Legal Guide

Homicide, a Leading Cause of Death for US Children, Is On the Rise

A new study found homicide as a major factor in children's death in the United States.

The overall rate has increased by an average of 4.3 percent each year for nearly a decade. The JAMA Pediatrics study found that more black boys were killed than any other group. Firearms were the most common weapon in children's deaths.

Rising Homicide Rates

The researchers discovered 38,362 child homicide victims in the US between 1999 and 2020. The overall homicide rate increased dramatically from 2019 to 2020, with rates rising across several groups. In that period alone, the number of children killed in a homicide rose by 27.7 percent.

The significant increase could be partly explained by the general trend in firearm-related homicides of minors, which increased 47.7 percent between 2019 and 2020.

Disparities Among Demographics

Overall homicide rates grew the largest for boys, jumping 16.1 percent between 2018 and 2020, according to researchers. There was a decline in homicides, however, among girls between 1999 and 2020. From 2018 to 2020, the rate of homicides in Black children increased by 16.6 percent.

Since 2012 and 2014, there has been a continuous rise in homicides involving black and Hispanic children. Between 1999 and 2020, homicide rates among American Indian and Alaska Native children decreased; however, this decline was not statistically significant. They have, however, often had the second-highest homicide rates among racial and ethnic groupings.

The researchers added that these figures might potentially be understated because some victims' racial backgrounds may have been mistakenly classified as Hispanic. Since 1999, the homicide rate among children of Asian, Pacific Islander, and White descent has continuously declined.

Systemic Inequities

Previous research has demonstrated that racial differences may be partially related to racism and the system-based injustices in the areas where many children reside. These children experience high poverty concentrations, few safe play places, and underfunded school systems.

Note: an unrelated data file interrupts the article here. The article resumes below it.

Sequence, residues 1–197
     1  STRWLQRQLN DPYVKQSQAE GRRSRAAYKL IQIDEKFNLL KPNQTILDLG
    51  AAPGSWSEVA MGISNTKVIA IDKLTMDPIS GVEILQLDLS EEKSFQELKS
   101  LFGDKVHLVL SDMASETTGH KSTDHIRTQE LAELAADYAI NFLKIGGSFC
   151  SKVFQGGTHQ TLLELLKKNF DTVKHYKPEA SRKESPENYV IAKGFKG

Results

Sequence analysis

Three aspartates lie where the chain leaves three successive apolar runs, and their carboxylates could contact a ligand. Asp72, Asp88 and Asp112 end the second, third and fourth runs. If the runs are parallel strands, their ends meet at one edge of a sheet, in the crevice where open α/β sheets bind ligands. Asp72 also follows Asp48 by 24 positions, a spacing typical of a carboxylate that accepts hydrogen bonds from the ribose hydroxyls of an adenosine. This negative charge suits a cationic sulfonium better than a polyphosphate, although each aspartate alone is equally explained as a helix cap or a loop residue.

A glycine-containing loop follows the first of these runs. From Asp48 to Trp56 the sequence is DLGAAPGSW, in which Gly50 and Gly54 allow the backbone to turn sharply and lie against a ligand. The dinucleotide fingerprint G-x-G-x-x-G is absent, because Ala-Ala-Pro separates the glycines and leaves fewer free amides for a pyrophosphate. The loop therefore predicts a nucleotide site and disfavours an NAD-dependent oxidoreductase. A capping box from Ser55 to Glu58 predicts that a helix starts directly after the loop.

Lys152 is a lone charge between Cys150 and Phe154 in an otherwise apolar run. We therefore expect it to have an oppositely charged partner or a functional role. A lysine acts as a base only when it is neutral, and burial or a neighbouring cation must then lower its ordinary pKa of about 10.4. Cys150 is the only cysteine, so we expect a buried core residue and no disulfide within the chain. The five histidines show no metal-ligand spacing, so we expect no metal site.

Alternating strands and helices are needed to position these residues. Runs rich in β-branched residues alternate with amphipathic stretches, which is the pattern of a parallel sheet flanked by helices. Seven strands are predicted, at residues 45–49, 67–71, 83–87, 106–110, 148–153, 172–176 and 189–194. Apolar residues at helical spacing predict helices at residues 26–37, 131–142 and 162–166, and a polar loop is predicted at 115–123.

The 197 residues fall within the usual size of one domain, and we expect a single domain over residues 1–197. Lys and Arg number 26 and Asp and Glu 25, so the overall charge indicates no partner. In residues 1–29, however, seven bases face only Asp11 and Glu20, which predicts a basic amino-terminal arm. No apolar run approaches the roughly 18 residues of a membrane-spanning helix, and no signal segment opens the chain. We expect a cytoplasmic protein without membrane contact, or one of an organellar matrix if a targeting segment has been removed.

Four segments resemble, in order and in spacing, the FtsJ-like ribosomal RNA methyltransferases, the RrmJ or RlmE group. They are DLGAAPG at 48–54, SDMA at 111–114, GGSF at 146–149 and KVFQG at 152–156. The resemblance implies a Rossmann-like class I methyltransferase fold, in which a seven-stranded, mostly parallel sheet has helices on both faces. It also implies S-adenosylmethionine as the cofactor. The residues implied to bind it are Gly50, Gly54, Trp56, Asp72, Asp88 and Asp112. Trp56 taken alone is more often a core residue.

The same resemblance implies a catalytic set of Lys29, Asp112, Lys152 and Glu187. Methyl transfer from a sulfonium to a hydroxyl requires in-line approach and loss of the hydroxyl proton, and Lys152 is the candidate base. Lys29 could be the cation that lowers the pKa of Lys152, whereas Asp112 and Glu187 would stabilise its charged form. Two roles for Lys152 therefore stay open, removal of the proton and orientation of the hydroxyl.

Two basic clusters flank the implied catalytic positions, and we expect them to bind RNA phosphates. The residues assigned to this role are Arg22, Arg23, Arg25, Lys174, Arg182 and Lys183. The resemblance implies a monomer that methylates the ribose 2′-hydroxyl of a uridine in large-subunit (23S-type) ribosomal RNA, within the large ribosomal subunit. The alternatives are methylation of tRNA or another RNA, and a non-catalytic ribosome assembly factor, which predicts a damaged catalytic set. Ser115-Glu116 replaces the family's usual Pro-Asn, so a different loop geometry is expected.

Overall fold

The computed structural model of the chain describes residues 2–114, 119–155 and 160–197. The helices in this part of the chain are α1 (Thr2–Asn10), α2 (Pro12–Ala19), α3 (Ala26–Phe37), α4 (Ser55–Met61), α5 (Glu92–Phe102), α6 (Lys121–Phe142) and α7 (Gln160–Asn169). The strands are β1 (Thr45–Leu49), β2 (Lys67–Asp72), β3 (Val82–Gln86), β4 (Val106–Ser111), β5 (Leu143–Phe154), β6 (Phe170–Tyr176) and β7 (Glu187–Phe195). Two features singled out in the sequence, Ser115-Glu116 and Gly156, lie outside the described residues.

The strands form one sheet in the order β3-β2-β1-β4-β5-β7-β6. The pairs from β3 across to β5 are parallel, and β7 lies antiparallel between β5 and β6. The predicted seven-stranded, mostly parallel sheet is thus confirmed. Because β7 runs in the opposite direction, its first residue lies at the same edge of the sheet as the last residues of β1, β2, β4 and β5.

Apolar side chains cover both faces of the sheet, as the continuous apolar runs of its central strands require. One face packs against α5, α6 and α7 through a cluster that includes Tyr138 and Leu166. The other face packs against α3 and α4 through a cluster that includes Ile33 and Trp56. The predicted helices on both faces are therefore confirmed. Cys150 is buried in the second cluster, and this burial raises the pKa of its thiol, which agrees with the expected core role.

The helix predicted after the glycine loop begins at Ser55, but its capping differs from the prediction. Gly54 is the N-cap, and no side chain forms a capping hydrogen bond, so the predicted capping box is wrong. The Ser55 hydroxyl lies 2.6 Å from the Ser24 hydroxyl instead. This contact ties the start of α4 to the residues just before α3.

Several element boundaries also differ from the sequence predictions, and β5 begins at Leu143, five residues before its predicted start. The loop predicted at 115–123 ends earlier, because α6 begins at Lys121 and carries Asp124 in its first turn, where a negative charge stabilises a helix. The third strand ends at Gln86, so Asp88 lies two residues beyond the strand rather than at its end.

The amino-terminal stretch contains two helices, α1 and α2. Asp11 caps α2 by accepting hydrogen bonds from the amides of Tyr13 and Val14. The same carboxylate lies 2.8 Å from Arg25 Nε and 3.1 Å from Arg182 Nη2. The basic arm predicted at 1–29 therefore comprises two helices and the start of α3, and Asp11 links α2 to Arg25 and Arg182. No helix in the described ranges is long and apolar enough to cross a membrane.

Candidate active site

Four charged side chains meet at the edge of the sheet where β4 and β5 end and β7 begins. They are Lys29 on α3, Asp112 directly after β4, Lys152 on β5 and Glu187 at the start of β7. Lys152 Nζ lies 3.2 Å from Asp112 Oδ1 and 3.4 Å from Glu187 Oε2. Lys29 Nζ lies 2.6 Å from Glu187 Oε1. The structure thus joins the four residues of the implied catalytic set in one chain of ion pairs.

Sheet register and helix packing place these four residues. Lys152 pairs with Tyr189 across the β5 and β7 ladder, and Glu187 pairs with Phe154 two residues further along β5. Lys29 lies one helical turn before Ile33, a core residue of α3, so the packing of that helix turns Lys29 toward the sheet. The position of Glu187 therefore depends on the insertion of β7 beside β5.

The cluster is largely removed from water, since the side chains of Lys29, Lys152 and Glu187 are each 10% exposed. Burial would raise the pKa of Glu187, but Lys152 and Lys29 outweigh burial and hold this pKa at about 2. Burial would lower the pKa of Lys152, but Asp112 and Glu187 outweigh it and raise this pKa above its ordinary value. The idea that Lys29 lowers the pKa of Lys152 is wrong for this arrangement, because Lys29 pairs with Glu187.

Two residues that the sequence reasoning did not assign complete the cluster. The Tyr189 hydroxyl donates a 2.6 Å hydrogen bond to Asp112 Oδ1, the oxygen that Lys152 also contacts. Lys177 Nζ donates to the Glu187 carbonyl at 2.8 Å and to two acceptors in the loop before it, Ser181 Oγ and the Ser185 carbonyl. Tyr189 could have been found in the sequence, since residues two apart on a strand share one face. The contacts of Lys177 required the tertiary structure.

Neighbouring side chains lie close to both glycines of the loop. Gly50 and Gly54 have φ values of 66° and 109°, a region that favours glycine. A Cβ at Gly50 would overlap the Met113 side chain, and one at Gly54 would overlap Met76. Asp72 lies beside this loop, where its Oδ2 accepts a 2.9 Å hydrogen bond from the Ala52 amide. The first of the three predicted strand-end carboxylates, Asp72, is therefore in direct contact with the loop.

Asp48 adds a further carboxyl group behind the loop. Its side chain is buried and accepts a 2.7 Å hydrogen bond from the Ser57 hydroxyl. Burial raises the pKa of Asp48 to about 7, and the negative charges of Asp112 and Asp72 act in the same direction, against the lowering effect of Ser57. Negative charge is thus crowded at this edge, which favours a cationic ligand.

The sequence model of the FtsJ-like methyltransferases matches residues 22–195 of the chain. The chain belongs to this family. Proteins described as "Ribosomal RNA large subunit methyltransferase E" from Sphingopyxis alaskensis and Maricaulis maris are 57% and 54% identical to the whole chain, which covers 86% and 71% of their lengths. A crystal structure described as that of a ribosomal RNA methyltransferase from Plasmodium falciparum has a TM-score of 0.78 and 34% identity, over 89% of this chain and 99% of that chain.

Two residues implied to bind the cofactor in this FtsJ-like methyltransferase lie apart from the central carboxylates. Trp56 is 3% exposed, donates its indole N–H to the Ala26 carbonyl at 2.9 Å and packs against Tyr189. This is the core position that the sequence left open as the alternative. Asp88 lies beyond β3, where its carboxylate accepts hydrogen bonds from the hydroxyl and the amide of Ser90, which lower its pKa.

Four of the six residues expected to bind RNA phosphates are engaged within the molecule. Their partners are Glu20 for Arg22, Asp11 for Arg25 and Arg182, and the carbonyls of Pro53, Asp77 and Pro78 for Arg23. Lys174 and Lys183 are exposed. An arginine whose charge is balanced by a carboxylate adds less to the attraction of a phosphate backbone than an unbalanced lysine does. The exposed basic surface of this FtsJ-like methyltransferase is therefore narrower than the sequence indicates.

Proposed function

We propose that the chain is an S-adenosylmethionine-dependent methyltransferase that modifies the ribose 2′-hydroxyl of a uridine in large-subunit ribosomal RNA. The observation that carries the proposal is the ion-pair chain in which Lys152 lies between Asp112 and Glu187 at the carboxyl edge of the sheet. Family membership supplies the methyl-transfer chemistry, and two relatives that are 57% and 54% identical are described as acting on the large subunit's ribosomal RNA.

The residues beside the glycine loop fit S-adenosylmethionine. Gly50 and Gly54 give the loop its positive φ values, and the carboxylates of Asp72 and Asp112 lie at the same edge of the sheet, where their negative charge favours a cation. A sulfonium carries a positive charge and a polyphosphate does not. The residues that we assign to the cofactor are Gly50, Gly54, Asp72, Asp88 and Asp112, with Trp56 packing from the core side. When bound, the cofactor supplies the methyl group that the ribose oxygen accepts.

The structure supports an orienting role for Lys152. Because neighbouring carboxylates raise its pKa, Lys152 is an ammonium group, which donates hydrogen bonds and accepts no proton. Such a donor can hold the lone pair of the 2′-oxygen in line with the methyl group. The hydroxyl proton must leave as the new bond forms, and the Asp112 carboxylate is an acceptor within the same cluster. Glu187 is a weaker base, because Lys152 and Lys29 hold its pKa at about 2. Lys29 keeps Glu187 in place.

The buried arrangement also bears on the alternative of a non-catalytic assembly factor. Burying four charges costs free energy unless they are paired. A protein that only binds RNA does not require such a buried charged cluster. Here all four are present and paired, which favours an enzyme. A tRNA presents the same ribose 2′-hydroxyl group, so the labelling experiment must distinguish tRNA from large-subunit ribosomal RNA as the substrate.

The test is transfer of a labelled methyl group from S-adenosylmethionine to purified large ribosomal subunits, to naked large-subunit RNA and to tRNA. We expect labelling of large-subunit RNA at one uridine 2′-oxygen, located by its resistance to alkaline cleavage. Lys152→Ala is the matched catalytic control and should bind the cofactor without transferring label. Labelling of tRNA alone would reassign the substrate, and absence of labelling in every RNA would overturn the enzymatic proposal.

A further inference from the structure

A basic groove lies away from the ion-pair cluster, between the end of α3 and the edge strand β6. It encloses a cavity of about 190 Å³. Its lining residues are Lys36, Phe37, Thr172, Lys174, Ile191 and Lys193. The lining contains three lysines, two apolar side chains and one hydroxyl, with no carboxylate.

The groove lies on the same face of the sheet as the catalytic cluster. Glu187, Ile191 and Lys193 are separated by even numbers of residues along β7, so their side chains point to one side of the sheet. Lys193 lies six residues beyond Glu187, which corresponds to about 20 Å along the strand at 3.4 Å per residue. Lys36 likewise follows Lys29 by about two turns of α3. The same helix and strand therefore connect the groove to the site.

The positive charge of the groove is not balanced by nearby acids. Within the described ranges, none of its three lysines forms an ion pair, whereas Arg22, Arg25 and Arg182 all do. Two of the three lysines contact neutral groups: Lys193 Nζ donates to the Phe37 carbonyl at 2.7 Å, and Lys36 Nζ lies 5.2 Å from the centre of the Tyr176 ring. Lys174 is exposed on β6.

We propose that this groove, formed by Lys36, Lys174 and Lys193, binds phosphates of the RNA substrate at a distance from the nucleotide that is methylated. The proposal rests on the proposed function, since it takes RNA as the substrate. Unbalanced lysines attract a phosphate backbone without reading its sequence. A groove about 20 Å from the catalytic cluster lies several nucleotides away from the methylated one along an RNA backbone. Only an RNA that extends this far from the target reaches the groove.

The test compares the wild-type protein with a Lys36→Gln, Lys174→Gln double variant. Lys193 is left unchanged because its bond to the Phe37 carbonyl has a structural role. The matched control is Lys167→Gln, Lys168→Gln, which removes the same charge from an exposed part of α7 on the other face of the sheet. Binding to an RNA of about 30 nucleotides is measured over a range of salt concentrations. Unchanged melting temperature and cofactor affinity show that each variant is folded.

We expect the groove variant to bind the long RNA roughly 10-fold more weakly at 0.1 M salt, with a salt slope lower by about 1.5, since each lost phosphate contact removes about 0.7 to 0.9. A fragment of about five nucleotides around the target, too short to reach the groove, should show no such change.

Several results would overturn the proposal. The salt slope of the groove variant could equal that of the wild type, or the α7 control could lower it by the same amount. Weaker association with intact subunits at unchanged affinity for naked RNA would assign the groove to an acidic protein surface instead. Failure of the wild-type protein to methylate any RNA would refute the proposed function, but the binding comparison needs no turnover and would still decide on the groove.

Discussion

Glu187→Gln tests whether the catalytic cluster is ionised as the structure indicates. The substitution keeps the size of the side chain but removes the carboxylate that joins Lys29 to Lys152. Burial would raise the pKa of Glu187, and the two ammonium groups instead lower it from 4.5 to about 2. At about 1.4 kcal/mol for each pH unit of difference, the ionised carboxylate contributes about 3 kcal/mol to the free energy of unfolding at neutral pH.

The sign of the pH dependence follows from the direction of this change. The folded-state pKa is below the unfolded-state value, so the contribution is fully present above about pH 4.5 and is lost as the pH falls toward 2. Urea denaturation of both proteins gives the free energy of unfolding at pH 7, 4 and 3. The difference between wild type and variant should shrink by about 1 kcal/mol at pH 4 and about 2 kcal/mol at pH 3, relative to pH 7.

Authorities that oversee these neighborhoods also dehumanize these children out of unconscious bigotry. They consider them to be less innocent and infantile and more responsible for their deeds. In comparison to their White classmates, they receive fewer benefits and childhood protections; as a result, the new study says.

Rural vs. Urban Areas

Since 2011, the homicide rate has also risen in rural areas with few employment options and issues with poverty. The study claims that while the climb is slower than in urban areas, the upward trend has lasted longer. Since 2013, the South's child homicide rate has also been rising.

Deaths by Age Group

The researchers examined age-related fatalities as well. Neglect or abuse, typically committed by parents or other primary caregivers, killed children under ten most frequently. When they were 11 years old or older, most victims were killed in fights while committing a crime or by a friend or acquaintance.

Homicide rates among 16- to 17-year-old Black boys were 18 times higher than white boys and 4.6 times higher than Hispanic boys.

Preventing Homicides in Children

Over the past 20 years, infant and 1 to 5-year-old homicide rates have been progressively falling. According to the researchers, the drop is related to medical initiatives, including the Maternal, Infant, and Early Childhood Home Visiting Program and medical reform. This program assists expectant mothers and parents of young children living in areas with greater risks for maternal and child health outcomes.


The new study highlights the urgent need for action to address the rising rates of homicide among children in the United States. The racial disparities and the connection to poverty and systemic inequities call for a comprehensive approach that addresses these underlying issues. “Programs that focus on positive parenting skills and improving maternal and child health outcomes are effective in reducing homicides among infants and young children,” says criminal defense attorney Jeffrey Lichtman.

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